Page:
• Ireland has a new amendment on the table that seeks, among other things, to ban campaign financing using cryptocurrencies.
  • The task force that developed the proposed guidelines cites possible Russian interference with elections as the reason for banning crypto donations.

Ireland has drafted a new law that could see crypto donations to political parties banned in the country. The new amendment is a product of a task force established by Minister Darragh O’Brien in January 2022. The team consists of political scientists and legal experts tasked with investigating new election rules for the European nation. 

Importantly, the task force is creating a “legal and digital bulwark” to ward off foreign interference in elections, more so in light of the Russia-Ukraine conflict. Banning crypto donations limits interference from Russia, a nation that is now considering legalizing cryptocurrencies to evade its multiple sanctions. The country has already made public its openness to Bitcoin payments for its oil and gas exports.

Read More: Russia reviews bill that could see crypto legalized in the country

Ireland bans campaign funding using cryptocurrencies

Other than foreign donations, the proposed amendment covers misinformation and other political transparency requirements. According to O’Brien, these laws will safeguard Ireland’s democratic system “given the escalating threat of cyber warfare targeting free countries.” A newly formed Electoral Commission will see to it that political parties comply with the laws. This means they would make declarations of adherence to the new laws, and thereafter provide clear accountancy reports.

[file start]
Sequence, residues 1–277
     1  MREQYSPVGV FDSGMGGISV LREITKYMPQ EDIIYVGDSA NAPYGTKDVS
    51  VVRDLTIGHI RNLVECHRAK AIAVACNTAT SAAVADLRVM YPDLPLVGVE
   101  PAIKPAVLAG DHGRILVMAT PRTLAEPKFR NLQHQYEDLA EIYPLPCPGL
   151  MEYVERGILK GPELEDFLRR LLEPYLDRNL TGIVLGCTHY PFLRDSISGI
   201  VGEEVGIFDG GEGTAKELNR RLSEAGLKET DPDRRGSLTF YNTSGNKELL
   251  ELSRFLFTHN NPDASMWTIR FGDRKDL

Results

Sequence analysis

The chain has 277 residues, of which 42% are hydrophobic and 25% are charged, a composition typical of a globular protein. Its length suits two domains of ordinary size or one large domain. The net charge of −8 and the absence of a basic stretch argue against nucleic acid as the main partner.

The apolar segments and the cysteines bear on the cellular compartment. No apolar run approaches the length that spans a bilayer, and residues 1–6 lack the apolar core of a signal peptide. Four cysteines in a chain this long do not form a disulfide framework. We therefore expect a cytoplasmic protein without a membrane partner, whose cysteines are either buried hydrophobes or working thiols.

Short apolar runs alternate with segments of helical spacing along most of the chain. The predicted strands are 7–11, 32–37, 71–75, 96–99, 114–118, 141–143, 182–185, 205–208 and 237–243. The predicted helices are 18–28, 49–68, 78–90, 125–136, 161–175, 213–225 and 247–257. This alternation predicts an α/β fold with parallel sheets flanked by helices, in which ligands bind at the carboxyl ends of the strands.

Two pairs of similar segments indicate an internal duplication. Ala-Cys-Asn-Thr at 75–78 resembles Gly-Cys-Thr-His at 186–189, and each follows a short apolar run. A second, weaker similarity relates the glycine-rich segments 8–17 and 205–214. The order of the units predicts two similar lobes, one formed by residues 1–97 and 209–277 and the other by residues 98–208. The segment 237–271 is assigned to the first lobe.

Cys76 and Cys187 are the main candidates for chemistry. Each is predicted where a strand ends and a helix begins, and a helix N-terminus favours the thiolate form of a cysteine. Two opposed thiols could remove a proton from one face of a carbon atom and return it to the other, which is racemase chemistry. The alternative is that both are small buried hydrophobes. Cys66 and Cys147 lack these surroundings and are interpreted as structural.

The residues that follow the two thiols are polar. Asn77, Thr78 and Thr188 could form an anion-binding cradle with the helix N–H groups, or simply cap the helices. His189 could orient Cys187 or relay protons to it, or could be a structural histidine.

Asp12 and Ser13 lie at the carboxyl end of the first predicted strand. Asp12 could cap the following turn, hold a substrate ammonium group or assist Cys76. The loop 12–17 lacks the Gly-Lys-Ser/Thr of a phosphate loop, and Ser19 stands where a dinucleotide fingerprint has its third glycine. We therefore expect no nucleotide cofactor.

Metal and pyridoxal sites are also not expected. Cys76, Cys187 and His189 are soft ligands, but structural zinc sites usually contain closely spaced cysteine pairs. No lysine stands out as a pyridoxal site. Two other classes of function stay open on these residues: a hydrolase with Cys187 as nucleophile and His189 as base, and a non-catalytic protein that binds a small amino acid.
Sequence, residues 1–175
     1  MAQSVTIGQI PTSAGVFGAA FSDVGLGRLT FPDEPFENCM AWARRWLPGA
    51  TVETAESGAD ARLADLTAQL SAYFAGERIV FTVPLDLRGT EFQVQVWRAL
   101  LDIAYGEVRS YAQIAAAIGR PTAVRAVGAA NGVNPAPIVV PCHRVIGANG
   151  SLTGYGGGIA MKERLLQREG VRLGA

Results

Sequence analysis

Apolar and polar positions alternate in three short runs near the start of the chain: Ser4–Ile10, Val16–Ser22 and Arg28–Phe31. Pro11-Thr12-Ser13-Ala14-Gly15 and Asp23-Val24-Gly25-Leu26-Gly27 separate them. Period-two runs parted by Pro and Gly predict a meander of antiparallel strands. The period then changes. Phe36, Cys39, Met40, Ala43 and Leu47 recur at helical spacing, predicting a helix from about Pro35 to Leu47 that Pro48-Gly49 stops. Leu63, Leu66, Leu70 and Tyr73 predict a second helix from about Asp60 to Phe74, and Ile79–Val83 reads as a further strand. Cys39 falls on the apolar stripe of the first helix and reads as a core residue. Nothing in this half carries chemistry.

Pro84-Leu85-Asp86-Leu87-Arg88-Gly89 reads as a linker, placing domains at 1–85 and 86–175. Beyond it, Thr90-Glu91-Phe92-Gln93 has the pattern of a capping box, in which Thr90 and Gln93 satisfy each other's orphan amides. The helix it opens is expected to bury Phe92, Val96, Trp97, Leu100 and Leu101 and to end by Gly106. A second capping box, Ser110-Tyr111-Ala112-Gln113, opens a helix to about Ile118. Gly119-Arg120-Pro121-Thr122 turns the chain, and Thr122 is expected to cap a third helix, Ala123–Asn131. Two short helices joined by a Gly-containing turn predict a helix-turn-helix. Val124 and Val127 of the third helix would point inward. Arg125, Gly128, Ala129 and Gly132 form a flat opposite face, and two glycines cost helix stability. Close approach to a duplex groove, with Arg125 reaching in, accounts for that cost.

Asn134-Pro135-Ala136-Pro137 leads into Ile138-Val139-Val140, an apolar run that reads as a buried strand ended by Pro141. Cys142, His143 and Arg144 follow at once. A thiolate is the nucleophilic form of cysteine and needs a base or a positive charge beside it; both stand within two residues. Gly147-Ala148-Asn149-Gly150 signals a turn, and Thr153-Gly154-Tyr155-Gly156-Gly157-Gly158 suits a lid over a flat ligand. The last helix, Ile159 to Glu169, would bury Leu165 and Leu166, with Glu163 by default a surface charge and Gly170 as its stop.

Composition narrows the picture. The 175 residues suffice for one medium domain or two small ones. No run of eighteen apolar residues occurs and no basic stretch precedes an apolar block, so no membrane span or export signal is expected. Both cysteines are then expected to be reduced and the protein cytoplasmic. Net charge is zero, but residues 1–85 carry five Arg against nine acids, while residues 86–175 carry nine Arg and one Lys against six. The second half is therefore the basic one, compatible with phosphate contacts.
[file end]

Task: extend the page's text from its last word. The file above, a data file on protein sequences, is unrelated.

At the moment, it is unclear the number of donations that Irish political parties and individuals are receiving in cryptocurrency.

Ireland is now among many other jurisdictions that have illegalized crypto political donations. California banned such actions in 2018, citing transparency issues since cryptocurrencies are “hard to track.” Other US states with similar laws are Oregon, Michigan, and North Carolina, data from Multistate shows.

Furthermore, there have been concerns that prominent crypto members are making donations in exchange for favorable policies by incoming leaders. For instance, FTX CEO Sam Bankman-Fried has made donations to candidates running for seats in the US House of Representatives. The donations were not made in cryptocurrency, but they still spiked contention. OneTwitter users said such actions make “democracy” an “open auction.”

Crypto donations: The good and the bad

Per the standards of its central bank, Ireland should approach cryptocurrencies with great caution. The bank stated in February that it is unlikely to approve investment funds granting crypto exposure to retailers. The latter, according to the bank, lacks a “high degree of expertise.”

A month later, the same bank warned consumers of “the risks of misleading advertisements, particularly on social media, where influencers are being paid to advertise crypto assets.”

Ireland may ban such donations for good reason – to maintain election integrity and fairness. In other regions, however, such donations are balm for wounded souls. Ukraine is one of them, where crypto donations help fight the war instigated by Russia and its repercussions. 

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